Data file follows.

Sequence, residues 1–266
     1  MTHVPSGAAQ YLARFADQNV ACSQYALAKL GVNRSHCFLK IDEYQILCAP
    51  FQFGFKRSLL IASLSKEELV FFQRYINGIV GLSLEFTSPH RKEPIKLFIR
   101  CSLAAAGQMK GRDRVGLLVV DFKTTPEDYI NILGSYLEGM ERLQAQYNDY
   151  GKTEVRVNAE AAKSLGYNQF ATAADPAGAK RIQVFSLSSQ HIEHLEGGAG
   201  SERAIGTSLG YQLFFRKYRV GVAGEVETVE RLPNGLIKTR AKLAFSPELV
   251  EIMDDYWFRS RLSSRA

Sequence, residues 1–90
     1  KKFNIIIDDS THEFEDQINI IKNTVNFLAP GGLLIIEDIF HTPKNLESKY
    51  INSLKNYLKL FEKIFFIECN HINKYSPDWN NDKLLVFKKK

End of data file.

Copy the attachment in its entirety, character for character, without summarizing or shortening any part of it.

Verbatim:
Sequence, residues 1–266
     1  MTHVPSGAAQ YLARFADQNV ACSQYALAKL GVNRSHCFLK IDEYQILCAP
    51  FQFGFKRSLL IASLSKEELV FFQRYINGIV GLSLEFTSPH RKEPIKLFIR
   101  CSLAAAGQMK GRDRVGLLVV DFKTTPEDYI NILGSYLEGM ERLQAQYNDY
   151  GKTEVRVNAE AAKSLGYNQF ATAADPAGAK RIQVFSLSSQ HIEHLEGGAG
   201  SERAIGTSLG YQLFFRKYRV GVAGEVETVE RLPNGLIKTR AKLAFSPELV
   251  EIMDDYWFRS RLSSRA

Sequence, residues 1–90
     1  KKFNIIIDDS THEFEDQINI IKNTVNFLAP GGLLIIEDIF HTPKNLESKY
    51  INSLKNYLKL FEKIFFIECN HINKYSPDWN NDKLLVFKKK